Images inspire other images and you can only arrive at new places by putting the time into drawing. You get to the borders of what you have created and it urges you to peak a little further around the corner, to look from a different perspective or sometimes simply to suppose something as a counterpoint. I draw an outline in pencil and go straight to pen as soon as possible. If I’m drawing in my sketchbook I work only in pen. I colour everything digitally.
How do you conceptualize/construct a piece? Do you think of it as a story, snapshot, or abstraction?
I think my stories are usually constructed through trying to connect a series of striking images. I have a vision of something and then I start asking myself questions about it. Words are evoked for me by images. The image is a stone and the words are like water, changeable.
What size do you tend to work at, and why this preference?
I prefer to work to scale. I don’t really like working larger and scaling down, if anything I prefer scaling up! My drawing tends to be quite dense, so enlarging can occasionally free things up a bit. Only by a degree or two though.
Would you say that you have a favourite subject matter? What’s the particular attraction?
I really don’t know. Most of the self-initiated projects I have done feel very personal. I like the notion of an autobiographical fantasy, of sublimating things that matter to you and turning them into something different. I suppose that sounds so horrifically obvious. At present I have mountains, devils and a robot flowing most easily from my pen.
Can you tell us about a favourite piece of yours, or a favourite creative experience?
For a couple of years I found it quite painful to look at my first comic The Funeral, which was published by Atlantic Press Books (http://www.atlanticpressbooks.com/the-funeral.htm) Looking back at it now I see so many things in that work which I’m still exploring now. I’d do the thing very differently today, of course, and it is certainly far from perfect but I like the fact that some people don’t get it and some people really do. It invites you to look on and watch a sequence of events unfold but it doesn’t force feed you too much information.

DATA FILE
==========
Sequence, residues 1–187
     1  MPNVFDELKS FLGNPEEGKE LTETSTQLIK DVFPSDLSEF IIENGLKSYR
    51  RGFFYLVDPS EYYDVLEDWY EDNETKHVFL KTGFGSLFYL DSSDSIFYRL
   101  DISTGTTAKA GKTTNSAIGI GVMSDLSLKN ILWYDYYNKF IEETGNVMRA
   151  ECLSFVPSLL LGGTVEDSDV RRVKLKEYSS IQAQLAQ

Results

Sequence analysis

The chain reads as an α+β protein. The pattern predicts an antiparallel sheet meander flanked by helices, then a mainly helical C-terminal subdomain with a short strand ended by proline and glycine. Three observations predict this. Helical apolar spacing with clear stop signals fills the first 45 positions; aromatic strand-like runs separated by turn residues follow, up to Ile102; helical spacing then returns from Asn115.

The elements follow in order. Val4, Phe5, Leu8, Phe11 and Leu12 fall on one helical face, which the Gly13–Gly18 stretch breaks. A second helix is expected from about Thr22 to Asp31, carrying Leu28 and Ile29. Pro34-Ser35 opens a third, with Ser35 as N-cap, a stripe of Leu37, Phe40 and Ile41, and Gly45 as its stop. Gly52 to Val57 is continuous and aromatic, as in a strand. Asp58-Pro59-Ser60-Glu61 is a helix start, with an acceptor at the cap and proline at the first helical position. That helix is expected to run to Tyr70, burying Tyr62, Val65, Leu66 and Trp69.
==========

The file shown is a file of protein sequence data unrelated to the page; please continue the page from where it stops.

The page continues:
Do you have any early memories of drawing or, what’s your first memory of an image?
I remember drawing the plan for an underground complex of tunnels and machines that would transform the combined elements of stone, glitter and glue into gold. I think I was six. The first 2-D image I can remember – I think – is a postcard from my grandparents with a photograph of a cruise ship on it, which they sent me when I was three.
Do you keep a sketchbook?
I’ve recently become more disciplined with keeping sketchbooks. I keep very small sketchbooks that can be kept in my pocket.
What are you working on now? What can we look forward to from you next?
After the final few edits for Beetroot? I have two ideas for picture books which I want to develop. I’m also looking forward to collaborating with a friend on an illustrated Young Adult novel, which is very exciting.
What was the last film you saw in the cinema?
Skyfall – a while ago now, sorry.
What are the books on your bedside table?
Stone Junction by Jim Dodge.
Coffee, nicotine, or booze?
Coffee first, booze second and nicotine never.
Favourite city in the world?
Favourite city to draw/sketch/illustrate/create in?
Which ever one my desk is in.
Where can people get a hold of your work, or find out more about your previous projects?
Please visit: www.barnabyrichards.com
Barnaby’s work appears in Issue 3 of Tiny Pencil: The Beast Issue… Monsters, Machines and Unnatural Things! Available to buy here.
This interview was brought to you by The Tiny Pencil – fine purveyors of the pencil arts.